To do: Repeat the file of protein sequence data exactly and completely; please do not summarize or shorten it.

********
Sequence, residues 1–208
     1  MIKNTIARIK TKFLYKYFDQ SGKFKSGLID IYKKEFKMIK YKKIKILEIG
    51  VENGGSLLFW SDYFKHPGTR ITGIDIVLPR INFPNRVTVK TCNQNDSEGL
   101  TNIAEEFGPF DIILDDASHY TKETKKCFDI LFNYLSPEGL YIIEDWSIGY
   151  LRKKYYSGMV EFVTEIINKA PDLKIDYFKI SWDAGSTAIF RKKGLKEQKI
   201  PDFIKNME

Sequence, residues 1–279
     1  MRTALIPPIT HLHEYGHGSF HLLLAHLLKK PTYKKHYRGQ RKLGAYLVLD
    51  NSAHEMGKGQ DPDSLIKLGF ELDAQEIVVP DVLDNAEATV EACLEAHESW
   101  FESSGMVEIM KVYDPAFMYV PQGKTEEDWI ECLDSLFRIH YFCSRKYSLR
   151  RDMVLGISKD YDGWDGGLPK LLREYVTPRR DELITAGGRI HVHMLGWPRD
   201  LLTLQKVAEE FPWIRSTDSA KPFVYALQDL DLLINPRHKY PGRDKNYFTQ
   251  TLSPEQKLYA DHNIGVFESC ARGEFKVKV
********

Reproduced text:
Sequence, residues 1–208
     1  MIKNTIARIK TKFLYKYFDQ SGKFKSGLID IYKKEFKMIK YKKIKILEIG
    51  VENGGSLLFW SDYFKHPGTR ITGIDIVLPR INFPNRVTVK TCNQNDSEGL
   101  TNIAEEFGPF DIILDDASHY TKETKKCFDI LFNYLSPEGL YIIEDWSIGY
   151  LRKKYYSGMV EFVTEIINKA PDLKIDYFKI SWDAGSTAIF RKKGLKEQKI
   201  PDFIKNME

Sequence, residues 1–279
     1  MRTALIPPIT HLHEYGHGSF HLLLAHLLKK PTYKKHYRGQ RKLGAYLVLD
    51  NSAHEMGKGQ DPDSLIKLGF ELDAQEIVVP DVLDNAEATV EACLEAHESW
   101  FESSGMVEIM KVYDPAFMYV PQGKTEEDWI ECLDSLFRIH YFCSRKYSLR
   151  RDMVLGISKD YDGWDGGLPK LLREYVTPRR DELITAGGRI HVHMLGWPRD
   201  LLTLQKVAEE FPWIRSTDSA KPFVYALQDL DLLINPRHKY PGRDKNYFTQ
   251  TLSPEQKLYA DHNIGVFESC ARGEFKVKV